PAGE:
Compliance in the Age of COVID-19

Written by FinFit on .
Compliance in the Age of COVID-19

By Bill Hall

Chief Compliance Officer

“The World Turned Upside Down” is both a wonderful song from the musical Hamilton and an apt description of the immense impact of the COVID-19 pandemic on business operations. One area of a business where the impact may not be quite so apparent, but where a failure can lead to serious consequences, is the compliance function. Disruption of the activities of your compliance team can mean a potentially dangerous diminishment of oversight, assessments, monitoring, auditing, training, and other essential risk management and risk mitigation activities.

Every business is aware that the pandemic has caused significant negative financial impacts, uncertainty, stress, transition to new remote work environments, and an overall crisis mentality that touches every employee and every aspect of daily life. What may not be so clear is the fact that these impacts to your business may result in an environment of increased non-compliant behavior along with a lessened ability to detect and correct such behavior. To make certain that your company does everything it can to maintain a robust compliance function during a tremendously challenging time, here are six key elements for your business to consider:

  1. Compliance is not optional. This is a rule we live by at FinFit, and we clearly communicate it to all of our employees. It is vitally important to ensure your team understands that compliance remains a top priority regardless of the challenging circumstances. Make sure that all employees are clear on your organization’s expectations, and that the rules have not changed even as the world seems to be completely different.
  2. Test Audit. Not only should all monitoring, testing, and auditing continue on the normal schedule to confirm adherence to policies, laws, and regulations, any operational changes as a result of the pandemic should be added to the monitoring process. Short-term or emergency adaptations are vulnerable to compliance short-cuts and need to be carefully considered. Simply put, pre-pandemic monitoring processes are likely no longer adequate in this new and unprecedented operating environment.
  3. Account for the unique circumstances of a remote work environment. Even the most professional, hardest-working employees may be overwhelmed trying to juggle work with childcare issues, closing of schools and online learning, dealing with the technology essential to remote work, and the many other adjustments that have become part of life. Make sure your company is providing guidance on telecommuting issues such as protecting confidential information, appropriate use of company systems and equipment, procedures in the case of any sort of data breach, and reminders on the use of personal email, smartphones and computers for company business.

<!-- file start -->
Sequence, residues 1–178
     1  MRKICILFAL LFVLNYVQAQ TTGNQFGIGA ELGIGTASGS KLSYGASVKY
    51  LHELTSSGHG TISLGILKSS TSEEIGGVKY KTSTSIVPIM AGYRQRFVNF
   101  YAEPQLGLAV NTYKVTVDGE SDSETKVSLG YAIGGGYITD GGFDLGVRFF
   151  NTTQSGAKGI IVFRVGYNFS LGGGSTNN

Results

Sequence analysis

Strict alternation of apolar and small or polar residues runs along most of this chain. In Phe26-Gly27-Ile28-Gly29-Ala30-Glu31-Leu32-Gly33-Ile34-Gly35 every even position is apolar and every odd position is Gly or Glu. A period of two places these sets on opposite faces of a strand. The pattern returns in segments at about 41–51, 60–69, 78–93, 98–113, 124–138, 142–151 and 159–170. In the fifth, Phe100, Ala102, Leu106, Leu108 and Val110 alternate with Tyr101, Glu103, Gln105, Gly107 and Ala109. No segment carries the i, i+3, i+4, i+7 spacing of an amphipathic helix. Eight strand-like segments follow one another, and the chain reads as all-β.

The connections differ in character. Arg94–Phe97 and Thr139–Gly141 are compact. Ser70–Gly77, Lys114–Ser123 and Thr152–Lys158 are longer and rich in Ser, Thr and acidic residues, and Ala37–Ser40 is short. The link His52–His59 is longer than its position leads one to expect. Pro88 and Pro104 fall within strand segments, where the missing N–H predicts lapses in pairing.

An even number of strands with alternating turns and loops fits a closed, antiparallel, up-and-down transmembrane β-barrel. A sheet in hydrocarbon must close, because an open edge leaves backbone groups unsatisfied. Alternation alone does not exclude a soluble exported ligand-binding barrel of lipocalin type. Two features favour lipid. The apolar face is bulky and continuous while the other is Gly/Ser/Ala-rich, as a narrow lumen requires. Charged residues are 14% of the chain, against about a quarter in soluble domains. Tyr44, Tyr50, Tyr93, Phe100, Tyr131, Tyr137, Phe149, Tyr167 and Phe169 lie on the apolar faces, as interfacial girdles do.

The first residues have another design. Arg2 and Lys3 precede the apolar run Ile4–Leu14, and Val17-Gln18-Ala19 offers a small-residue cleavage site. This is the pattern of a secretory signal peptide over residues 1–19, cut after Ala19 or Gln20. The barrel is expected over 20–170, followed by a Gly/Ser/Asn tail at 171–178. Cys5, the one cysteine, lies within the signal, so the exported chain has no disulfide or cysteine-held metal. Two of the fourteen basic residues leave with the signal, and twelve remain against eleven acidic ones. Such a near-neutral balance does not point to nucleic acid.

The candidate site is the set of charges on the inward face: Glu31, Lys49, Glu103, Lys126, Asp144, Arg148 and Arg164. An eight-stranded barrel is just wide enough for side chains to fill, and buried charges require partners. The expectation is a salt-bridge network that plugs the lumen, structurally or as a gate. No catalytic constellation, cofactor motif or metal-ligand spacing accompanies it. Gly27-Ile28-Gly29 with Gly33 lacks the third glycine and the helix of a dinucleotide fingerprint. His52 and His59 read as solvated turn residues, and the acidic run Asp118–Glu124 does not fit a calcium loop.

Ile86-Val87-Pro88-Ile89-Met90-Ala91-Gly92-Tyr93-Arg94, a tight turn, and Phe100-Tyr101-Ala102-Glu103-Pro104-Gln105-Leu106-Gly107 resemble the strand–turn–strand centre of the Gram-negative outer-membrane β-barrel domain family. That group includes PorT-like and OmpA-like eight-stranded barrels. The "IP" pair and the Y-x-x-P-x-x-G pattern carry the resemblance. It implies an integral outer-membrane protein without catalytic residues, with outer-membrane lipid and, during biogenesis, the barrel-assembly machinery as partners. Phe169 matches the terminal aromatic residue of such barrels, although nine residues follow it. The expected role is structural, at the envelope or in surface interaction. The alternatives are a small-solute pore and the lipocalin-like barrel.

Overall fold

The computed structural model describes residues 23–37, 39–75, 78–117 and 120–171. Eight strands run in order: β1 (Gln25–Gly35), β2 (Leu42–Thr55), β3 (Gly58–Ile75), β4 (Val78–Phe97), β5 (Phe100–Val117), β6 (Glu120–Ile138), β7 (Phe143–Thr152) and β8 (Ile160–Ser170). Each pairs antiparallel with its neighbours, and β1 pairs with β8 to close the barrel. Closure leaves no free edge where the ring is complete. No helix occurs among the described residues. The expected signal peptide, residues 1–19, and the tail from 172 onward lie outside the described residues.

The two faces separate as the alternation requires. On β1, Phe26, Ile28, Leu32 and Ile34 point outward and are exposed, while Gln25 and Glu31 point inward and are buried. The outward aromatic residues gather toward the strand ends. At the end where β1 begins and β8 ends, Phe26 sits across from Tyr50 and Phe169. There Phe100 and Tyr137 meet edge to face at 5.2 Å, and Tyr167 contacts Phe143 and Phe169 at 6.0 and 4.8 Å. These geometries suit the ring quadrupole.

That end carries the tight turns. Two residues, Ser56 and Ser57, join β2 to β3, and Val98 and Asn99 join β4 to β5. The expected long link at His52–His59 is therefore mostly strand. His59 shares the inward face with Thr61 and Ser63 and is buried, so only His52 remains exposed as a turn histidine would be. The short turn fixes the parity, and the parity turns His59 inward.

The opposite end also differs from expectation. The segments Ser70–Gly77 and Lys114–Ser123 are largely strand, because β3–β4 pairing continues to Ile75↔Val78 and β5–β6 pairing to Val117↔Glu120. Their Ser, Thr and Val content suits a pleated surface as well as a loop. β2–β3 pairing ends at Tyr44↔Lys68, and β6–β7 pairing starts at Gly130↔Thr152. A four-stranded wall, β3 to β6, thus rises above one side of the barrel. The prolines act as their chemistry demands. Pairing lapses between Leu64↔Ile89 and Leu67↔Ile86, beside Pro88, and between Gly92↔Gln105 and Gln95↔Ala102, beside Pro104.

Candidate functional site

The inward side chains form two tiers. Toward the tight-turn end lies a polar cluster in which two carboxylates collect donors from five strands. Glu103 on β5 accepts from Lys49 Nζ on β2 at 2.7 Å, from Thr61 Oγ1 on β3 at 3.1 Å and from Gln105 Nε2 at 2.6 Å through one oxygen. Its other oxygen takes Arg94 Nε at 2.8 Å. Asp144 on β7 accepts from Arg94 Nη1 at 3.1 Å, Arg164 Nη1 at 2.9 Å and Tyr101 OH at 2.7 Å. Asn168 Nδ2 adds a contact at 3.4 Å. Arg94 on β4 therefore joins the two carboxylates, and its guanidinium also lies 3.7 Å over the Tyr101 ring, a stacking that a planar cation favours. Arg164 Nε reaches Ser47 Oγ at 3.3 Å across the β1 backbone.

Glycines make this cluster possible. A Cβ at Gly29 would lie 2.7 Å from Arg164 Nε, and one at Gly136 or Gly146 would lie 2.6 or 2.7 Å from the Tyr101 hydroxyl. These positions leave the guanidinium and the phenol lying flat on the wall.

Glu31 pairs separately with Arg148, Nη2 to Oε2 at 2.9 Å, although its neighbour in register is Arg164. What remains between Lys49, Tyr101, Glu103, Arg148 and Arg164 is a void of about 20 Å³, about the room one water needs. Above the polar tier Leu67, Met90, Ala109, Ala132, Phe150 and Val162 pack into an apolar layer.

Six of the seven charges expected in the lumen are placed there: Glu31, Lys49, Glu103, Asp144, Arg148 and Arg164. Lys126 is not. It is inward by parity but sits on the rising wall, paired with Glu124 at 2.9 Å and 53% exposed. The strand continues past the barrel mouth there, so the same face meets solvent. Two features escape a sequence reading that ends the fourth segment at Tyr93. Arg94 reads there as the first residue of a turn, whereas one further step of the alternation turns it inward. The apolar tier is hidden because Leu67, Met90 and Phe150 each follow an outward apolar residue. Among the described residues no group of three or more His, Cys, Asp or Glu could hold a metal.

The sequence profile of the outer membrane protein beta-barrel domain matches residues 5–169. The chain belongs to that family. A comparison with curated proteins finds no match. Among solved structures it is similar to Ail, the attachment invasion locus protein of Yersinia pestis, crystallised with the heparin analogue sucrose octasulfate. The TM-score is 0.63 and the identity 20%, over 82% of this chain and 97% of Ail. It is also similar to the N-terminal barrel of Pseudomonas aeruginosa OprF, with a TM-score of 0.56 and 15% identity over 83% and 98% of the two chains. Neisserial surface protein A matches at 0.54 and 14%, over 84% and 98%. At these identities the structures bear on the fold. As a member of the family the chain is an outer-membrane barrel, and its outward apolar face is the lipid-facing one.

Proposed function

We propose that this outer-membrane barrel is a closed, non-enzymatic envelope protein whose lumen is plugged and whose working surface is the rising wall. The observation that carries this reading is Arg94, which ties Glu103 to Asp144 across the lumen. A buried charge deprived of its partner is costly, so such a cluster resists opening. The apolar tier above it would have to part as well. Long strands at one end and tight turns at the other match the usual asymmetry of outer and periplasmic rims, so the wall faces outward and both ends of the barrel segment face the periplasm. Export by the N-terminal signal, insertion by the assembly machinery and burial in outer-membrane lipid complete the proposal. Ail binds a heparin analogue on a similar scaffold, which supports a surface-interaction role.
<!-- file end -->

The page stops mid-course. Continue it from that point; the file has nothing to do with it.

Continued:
4. Invest in appropriate technology. You may find that your technology dollars have been wisely spent, or you may soon be facing the costs of failure to make adequate investments in IT. Businesses need to make sure that employees can access the documents, information, and data necessary to do their jobs in a secure fashion. Compliance personnel are among the employees who need to be able to continue to access information just as they would in the office in order to conduct audits, monitor ongoing operations, and conducting investigations. As home networks are typically more vulnerable, you need to make sure that all this is done in a secure, compliant environment with adequate protections in place such as firewalls and multi-factor authentication. You should also make sure both the company and all employees are alerted to phishing and other attempts to access your systems, as the sense of urgency and the lack of face-to-face time make it easier to exploit a vulnerable and anxious workforce.
  5. Pay particular attention to customer-facing employees. In this environment, you may have shifted some of your employees’ responsibilities to handle large increases in customer service needs. When employees with limited training and experience move into an unfamiliar role – especially a role that involves dealing with customer inquiries – there is an increased possibility of mistakes, incorrect information, or compliance failures. Make sure you’re providing all necessary training, and increase monitoring and tracking of your customer service personnel especially when you’ve added personnel in response to increased customer demand. Regulatory authorities are likely to focus on issues involving vulnerable customers and you should therefore make sure you can spot and correct any issues in this area immediately.
  6. Closely follow legal and regulatory developments. Compliance personnel should be tasked with alerting your organizational leaders of new requirements in a timely manner. Regulators at all levels – local, state, and federal – have issued guidance and requirements on countless issues, and compliance needs to be informed and able to communicate these developments.

COVID-19 has disrupted every aspect of your business and maintaining a robust and adaptable compliance function is essential to make sure the business manages and contains the risks arising from this disruption. Identifying and addressing the new risks in the pandemic environment will ensure your business is as financially fit as possible as we all continue to navigate business adjustments.

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